Locating Active Acupuncture Points: The Solution to a Paradox in Acupuncture Research?
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that may come as a surprise to many acupuncturists: that true acupuncture does not significantly outperform sham
acupuncture. However, examination of a selection of research articles published during the last decade reveals that
the researchers disregard diagnostic palpation in their studies and instead rely solely on ‘official’ textbook point
descriptions. This article argues that although choosing and locating acupuncture points according to textbook
descriptions is how acupuncture is typically taught to students, palpation is crucial for tailoring point selection and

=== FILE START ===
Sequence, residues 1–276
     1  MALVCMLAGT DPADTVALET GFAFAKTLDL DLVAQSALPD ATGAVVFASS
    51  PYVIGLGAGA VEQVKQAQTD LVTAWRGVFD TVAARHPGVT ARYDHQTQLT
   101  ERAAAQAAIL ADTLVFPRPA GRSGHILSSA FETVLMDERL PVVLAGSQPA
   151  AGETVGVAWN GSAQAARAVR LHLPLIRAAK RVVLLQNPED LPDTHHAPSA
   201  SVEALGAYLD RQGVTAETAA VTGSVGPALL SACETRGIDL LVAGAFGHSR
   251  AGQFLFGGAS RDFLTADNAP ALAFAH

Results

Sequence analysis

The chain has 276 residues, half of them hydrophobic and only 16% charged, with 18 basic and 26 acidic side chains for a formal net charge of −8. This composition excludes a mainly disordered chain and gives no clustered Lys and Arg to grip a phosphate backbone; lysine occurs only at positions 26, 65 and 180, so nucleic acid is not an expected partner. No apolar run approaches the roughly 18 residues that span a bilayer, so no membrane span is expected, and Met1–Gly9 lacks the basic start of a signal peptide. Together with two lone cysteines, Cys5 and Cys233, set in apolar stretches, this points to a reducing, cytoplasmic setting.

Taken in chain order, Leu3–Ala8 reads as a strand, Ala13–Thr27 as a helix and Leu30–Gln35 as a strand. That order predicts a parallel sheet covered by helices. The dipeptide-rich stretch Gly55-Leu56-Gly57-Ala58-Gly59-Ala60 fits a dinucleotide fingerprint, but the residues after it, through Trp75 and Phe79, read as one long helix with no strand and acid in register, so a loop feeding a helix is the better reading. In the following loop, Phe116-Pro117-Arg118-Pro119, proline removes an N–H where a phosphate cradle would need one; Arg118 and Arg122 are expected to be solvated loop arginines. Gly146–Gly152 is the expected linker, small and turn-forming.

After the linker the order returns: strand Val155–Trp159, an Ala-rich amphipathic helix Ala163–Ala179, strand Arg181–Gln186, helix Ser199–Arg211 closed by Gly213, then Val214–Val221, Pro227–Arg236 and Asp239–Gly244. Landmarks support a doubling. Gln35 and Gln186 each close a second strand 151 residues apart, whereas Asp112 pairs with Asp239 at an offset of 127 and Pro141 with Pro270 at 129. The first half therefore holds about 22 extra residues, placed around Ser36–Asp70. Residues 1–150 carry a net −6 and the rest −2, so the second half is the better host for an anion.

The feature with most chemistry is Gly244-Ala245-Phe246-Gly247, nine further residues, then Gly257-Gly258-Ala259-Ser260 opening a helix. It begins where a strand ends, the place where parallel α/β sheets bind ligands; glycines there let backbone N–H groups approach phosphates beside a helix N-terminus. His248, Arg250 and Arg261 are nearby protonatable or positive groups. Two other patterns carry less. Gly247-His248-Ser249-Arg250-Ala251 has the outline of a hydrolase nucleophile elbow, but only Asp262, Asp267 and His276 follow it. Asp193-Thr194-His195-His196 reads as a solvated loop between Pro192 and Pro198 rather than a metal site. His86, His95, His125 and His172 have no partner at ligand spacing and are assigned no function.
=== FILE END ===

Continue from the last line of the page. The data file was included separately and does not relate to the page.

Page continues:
location to individual patients in the clinic, thereby ensuring therapeutic success. Acupuncture practitioners should
first learn to identify active points on themselves by distinguishing the various sensations that each point triggers in
the body and how an active point feels under a palpating finger; they can thereby learn to recognise active points
in their patients, thus improving the results of their treatment. This approach to acupuncture should be utilised and
tested in future acupuncture research, which in the author’s opinion would change the current trend in acupuncture
research referred to above.
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